Logic

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Logic is the study of argument, and in particular the principles of proper reasoning or good argument. Regarded as a branch both of philosophy and of mathematics. It was pioneered by Aristotle. Although it is possible that Aristotle himself had been taught by someone else, the earliest study of reasoning can be attributed to Aristotle. Aristotle and his followers held that two of the most important principles of logic are the law of non-contradiction and the law of excluded middle; today, some other axioms or inference rules would be held to be at least as important. The ultimate goal of logic, if it can be said to have a goal, is valid argumentation and to avoid logical fallacy.

Logic as a science defines the structure of statement and argument and defines formulae by which these are codified. Implicit in a study of logic is the understanding of what makes a good argument and what arguments are fallacious. Students of traditional logic--which studied standards of definition as well as of argument--were often made to memorize certain argument forms so that they could more easily create better arguments and disprove weaker ones thrown against them. The Jesuits emphasized this so highly, that their students were required to take part in a structured argument session with their peers.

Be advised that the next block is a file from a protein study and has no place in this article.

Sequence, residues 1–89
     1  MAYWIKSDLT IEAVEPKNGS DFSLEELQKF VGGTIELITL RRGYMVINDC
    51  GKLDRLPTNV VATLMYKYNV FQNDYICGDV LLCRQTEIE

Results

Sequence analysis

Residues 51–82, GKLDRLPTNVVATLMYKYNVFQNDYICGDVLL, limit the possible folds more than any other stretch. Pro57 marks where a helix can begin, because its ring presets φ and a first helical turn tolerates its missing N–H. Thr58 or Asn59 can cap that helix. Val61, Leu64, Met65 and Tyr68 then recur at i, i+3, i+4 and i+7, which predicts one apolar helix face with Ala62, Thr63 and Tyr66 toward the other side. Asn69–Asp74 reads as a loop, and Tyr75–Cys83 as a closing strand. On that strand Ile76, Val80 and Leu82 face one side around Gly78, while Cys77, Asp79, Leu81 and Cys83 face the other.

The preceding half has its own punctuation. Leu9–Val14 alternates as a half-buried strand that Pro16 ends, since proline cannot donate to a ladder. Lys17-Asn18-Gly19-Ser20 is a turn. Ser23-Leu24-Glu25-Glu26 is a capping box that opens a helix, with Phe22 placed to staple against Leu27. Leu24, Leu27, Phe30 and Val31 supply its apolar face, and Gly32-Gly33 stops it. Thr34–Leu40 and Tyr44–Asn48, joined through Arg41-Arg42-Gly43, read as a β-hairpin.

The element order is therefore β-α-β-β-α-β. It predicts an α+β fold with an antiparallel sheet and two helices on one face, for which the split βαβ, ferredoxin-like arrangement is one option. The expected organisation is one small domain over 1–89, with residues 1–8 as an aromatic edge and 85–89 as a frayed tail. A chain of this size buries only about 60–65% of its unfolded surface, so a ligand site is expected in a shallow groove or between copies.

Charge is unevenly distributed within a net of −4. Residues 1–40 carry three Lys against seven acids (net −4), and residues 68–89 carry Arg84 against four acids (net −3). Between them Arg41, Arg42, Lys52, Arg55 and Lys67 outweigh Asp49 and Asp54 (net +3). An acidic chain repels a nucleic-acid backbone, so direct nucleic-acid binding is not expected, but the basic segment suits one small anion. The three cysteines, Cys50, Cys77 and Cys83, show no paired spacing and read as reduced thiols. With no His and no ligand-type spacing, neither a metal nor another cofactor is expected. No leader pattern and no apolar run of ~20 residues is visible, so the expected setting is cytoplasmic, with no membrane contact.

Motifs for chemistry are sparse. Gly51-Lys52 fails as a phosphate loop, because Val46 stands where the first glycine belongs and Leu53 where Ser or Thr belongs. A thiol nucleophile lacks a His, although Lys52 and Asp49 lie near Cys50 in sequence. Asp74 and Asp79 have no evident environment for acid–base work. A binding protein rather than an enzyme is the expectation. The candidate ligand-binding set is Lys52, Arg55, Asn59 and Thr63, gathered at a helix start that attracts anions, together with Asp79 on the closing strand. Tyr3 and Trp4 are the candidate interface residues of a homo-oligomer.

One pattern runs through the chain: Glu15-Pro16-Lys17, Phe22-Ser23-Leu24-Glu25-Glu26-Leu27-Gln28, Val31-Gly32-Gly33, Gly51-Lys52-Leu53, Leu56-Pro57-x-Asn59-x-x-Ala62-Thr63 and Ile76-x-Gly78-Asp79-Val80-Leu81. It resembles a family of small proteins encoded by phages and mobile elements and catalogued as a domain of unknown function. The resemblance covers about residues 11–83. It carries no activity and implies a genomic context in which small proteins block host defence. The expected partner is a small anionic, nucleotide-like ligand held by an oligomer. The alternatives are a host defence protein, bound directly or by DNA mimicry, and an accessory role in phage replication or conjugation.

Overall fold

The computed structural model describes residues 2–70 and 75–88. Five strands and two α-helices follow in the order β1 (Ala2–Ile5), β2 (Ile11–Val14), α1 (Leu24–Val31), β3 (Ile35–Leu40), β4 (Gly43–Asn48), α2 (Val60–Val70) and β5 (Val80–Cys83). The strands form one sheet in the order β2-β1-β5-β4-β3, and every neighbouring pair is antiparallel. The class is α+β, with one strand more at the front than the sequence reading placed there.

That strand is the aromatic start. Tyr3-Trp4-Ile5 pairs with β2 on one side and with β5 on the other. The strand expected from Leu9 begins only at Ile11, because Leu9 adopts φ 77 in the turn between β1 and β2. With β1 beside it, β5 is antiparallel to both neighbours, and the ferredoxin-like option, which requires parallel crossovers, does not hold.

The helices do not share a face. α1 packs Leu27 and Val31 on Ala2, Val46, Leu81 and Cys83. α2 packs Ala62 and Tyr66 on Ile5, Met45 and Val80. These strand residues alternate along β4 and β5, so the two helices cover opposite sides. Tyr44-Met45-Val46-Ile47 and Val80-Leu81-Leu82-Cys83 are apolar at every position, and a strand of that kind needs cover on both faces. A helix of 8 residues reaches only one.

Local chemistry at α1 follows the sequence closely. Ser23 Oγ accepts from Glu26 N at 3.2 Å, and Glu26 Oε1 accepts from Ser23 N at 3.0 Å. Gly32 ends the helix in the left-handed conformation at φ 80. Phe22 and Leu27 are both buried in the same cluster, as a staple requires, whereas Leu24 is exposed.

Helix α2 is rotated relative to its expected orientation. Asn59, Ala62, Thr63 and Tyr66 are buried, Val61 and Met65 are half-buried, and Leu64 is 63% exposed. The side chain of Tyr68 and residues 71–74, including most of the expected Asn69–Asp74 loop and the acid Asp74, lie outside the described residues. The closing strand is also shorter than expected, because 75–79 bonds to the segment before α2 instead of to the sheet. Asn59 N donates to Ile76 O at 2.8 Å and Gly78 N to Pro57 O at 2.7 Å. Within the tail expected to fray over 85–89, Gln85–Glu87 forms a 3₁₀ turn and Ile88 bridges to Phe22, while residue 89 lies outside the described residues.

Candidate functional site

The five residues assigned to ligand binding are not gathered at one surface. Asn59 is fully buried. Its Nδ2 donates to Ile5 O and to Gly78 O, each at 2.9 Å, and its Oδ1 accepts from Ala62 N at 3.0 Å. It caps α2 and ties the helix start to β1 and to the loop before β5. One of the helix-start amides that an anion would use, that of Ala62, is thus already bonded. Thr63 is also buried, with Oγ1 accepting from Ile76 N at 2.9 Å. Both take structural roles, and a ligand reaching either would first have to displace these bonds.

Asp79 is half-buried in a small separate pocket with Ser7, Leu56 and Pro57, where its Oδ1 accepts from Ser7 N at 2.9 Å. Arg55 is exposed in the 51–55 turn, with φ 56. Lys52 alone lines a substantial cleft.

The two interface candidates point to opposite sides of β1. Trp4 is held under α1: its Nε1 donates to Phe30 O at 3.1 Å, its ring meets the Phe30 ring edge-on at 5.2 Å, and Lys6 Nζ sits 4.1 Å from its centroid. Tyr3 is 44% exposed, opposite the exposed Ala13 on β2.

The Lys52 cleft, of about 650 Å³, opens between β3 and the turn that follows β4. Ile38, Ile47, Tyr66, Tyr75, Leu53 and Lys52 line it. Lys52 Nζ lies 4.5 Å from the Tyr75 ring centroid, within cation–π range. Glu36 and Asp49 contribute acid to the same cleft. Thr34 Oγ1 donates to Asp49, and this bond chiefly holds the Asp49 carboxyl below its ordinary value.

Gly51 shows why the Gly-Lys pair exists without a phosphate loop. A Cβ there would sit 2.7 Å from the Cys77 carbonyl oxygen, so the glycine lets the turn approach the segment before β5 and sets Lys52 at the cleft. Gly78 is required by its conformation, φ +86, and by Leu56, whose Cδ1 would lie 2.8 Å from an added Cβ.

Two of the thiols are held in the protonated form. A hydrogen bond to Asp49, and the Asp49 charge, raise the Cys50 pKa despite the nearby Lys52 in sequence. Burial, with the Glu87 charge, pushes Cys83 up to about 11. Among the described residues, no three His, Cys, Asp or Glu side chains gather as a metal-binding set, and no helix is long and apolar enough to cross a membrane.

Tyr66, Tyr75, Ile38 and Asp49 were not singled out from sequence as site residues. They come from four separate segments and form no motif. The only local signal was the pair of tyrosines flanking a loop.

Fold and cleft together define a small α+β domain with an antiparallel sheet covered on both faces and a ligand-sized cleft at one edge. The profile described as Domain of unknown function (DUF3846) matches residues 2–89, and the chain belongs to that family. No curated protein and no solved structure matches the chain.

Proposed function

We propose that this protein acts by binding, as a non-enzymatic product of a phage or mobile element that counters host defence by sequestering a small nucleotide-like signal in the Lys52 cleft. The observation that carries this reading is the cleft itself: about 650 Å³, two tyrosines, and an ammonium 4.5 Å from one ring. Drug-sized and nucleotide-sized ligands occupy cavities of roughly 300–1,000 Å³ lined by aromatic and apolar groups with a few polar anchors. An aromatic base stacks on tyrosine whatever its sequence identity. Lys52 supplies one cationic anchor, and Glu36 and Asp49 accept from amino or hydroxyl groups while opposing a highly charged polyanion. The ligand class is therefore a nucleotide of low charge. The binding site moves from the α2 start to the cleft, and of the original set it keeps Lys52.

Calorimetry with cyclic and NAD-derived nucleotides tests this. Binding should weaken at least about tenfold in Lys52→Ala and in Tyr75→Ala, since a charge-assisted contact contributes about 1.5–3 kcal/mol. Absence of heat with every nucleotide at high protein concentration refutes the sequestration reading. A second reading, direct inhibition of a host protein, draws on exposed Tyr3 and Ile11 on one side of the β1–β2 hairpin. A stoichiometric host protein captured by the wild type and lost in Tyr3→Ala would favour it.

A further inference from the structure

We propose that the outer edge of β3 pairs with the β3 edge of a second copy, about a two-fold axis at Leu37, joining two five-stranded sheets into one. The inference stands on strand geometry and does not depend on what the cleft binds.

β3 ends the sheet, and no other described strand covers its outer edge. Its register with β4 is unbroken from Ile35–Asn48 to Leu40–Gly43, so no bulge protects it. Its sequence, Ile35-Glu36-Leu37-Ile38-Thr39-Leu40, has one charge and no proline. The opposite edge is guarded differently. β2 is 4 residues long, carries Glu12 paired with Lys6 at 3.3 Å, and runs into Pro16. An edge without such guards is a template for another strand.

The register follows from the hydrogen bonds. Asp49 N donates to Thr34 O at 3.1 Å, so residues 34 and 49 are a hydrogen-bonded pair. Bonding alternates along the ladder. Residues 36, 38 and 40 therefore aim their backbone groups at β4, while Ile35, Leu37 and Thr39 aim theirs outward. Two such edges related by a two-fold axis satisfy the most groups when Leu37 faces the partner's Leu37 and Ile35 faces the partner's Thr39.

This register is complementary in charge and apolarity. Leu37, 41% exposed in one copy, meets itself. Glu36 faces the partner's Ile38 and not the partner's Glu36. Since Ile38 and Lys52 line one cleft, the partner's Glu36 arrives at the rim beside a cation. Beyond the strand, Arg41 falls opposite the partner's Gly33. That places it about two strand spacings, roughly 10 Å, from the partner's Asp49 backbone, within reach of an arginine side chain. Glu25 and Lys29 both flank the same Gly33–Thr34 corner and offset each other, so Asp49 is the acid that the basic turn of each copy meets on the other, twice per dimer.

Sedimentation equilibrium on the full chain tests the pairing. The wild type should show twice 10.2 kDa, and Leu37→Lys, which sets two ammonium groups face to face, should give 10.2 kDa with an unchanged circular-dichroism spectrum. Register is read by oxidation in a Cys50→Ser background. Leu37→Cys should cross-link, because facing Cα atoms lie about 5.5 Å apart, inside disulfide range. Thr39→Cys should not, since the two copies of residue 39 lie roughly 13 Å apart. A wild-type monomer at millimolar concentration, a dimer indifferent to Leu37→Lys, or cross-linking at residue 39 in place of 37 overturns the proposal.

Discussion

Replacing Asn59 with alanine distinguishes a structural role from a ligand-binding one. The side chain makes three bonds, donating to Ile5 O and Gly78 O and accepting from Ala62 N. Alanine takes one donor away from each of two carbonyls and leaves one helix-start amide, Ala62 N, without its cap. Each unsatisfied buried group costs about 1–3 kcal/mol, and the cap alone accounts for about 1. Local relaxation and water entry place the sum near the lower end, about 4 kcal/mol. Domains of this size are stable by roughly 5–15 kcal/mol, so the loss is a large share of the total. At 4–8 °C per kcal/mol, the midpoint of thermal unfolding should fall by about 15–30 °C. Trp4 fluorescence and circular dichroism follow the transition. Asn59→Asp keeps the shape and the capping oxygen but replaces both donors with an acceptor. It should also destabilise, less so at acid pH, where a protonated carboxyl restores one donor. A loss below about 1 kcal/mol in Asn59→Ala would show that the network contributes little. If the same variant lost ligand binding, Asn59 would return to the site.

Mathematical logic or symbolic logic has changed this somewhat by axiomatizing logic and presenting all argument in the form of symbolic strings with very highly constrained forms that represent different statements. The rules of argumentation then are codified as legal transformations on these strings and the allowable starting points (the so-called axioms). Kurt Gödel in the 1930's proved his celebrated incompleteness theorem and thus derailed the idea that all of reasoned thought could be axiomatized. This sea-change had been foreshadowed by the work of Bertrand Russell and Alfred North Whitehead in mathematics. At roughly the same time, Alonzo Church, Andrei Andreevich Markov, Alan Turing and others were realizing that all sufficiently powerful formal models of computation were equivalent. This led to the computational equivalent of the incompleteness theorem, the Halting Problem.

See also college logic; argument form; validity; soundness; cogency; deduction and induction; modus ponens; affirming the consequent; modus tollens; disjunctive syllogism, faith, Scientific method.


Shouldn't this page include the basic logic relationships? Why don't you add them to truth tables, connective, and quantifier?